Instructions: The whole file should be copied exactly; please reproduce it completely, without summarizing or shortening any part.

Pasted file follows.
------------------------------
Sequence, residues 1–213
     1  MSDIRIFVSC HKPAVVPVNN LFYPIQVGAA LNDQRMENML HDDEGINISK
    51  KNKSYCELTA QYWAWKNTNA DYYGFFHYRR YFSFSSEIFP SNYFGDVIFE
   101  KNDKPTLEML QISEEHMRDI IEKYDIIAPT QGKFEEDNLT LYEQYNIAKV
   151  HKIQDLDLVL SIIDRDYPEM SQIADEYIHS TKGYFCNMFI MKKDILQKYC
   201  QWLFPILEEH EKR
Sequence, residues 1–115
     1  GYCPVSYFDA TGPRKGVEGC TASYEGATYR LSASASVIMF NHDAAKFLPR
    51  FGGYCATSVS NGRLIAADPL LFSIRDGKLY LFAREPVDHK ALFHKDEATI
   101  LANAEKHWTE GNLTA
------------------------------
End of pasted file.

Sequence, residues 1–213
     1  MSDIRIFVSC HKPAVVPVNN LFYPIQVGAA LNDQRMENML HDDEGINISK
    51  KNKSYCELTA QYWAWKNTNA DYYGFFHYRR YFSFSSEIFP SNYFGDVIFE
   101  KNDKPTLEML QISEEHMRDI IEKYDIIAPT QGKFEEDNLT LYEQYNIAKV
   151  HKIQDLDLVL SIIDRDYPEM SQIADEYIHS TKGYFCNMFI MKKDILQKYC
   201  QWLFPILEEH EKR
Sequence, residues 1–115
     1  GYCPVSYFDA TGPRKGVEGC TASYEGATYR LSASASVIMF NHDAAKFLPR
    51  FGGYCATSVS NGRLIAADPL LFSIRDGKLY LFAREPVDHK ALFHKDEATI
   101  LANAEKHWTE GNLTA